“Just like all season, somebody stepped in and they stepped up,” Woodson said. “That’s what this Green Bay Packer team is all about.”
“Definitely it’s going to be a certain bragging right thing,” said Adams, a former Cowboy. “Drive, he’s always going to talk stuff, but I’m going to talk more.”
Said Driver, “Me and Flo have been knowing each other for a long time. It’s no big deal. The good part is that we’re close friends, got the same agent and live in the same neighborhood. We’ll throw a party when it’s all said and done.”
But only one will have a Super Bowl XLV ring.
The last time that these two historic franchises met was in 2009 on a Sunday afternoon contest at Lambaeu Field. The Packers were at a real crossroads in their season with a record of 4-4 and really going nowhere after back-to-back losses to the Vikings and the Bucs. The Cowboys were 6-2 and all seemed right in the world for the team as they prepared for that trip to Green Bay riding a four-game winning streak.
The general manager needs to make a coaching change and the players are not near as talented as we all thought they were. Sitting at 1-6, players and coaches are now left wondering what has happened to their season.
The Jacksonville game was the worst that I had seen this team look all season. I understand what happened in the Giants game because I know New York’s personnel, but to lose to the Jaguars was beyond reason.
The one outstanding thing about the NFL is that Sunday offers you another opportunity to compete for the chance to either improve or continue to have to answer the difficult questions that come with losing. The Cowboys travel to Lambeau Field and will attempt to get a win against a good football team but not a great one.
This is a Green Bay team that has been struck with injuries to key members of their team, such as tight end Jermichael Finley, running back Ryan Grant, safety Morgan Burnett and linebacker Nick Barnett. all of whom have gone on injured reserve. Coming into this contest with the Cowboys, the Packers best receiver, Donald Driver, will miss this game with a quad injury.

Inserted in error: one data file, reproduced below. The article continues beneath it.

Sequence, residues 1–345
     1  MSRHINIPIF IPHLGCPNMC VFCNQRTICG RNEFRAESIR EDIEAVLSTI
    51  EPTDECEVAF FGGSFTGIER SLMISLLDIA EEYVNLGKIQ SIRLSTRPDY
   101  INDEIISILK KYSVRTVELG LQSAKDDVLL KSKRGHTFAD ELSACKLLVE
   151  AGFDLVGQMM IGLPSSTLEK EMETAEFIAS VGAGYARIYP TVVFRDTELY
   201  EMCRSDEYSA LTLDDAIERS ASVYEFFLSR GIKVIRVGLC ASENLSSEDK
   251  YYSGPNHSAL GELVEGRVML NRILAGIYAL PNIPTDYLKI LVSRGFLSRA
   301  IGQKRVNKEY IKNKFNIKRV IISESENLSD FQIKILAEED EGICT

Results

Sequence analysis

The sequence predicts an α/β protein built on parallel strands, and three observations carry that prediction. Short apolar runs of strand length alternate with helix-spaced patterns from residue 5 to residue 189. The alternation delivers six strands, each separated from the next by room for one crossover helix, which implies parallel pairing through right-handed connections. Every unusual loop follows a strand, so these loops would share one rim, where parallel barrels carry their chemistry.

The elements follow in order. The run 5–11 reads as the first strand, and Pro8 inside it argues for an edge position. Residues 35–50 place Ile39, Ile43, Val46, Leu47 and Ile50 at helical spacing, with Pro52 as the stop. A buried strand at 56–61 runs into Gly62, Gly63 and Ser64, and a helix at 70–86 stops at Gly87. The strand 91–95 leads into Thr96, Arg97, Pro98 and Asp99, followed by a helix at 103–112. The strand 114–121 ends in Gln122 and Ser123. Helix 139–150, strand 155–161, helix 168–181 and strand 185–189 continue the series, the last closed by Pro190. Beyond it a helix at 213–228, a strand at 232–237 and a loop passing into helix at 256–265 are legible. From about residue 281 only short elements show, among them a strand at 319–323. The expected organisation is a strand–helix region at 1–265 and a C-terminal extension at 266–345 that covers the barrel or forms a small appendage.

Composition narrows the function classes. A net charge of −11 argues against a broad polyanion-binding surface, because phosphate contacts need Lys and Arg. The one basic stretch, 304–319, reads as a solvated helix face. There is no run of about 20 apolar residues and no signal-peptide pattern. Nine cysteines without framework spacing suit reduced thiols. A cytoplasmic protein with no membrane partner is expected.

When you study Rodgers, you see a quarterback that is mobile, decisive and just doesn’t make mistakes with the football. In the Vikings game earlier this year, Rodgers had his first red zone interception in 39 starts.
The Packers are 32-6 when they are ahead in the turnover battle and 6-17 when they are not. Rodgers rarely makes any kind of mistakes.
Where Rodgers is the most effective is when he can get in the shotgun and work in their three-wide receiver packages. He is an accurate passer that throws a pretty deep ball and shows wonderful touch on his passes.
I mentioned how mobile he is in the pocket, and when opportunities to move forward and make throws present themselves, he is more than up to the challenge. Where the Cowboys have to be careful is not allow Rodgers to use his legs to make second-chance plays.
In the 2009 game, Jay Ratliff did a nice job of playing against Packers center Scott Wells. If Ratliff can break down the middle of the pocket, it will give no place for Rodgers to step up and make throws.
Where the Cowboys also had some success against the Packers last season was the slot blitz with Orlando Scandrick. Would not be one bit surprised if Wade Phillips has that one in his game plan and ready to go.
This game will be won for the Packers if they are able to protect Rodgers. I am not impressed at all with Brandon Jackson at running back and I think this is a handicap for the Packers.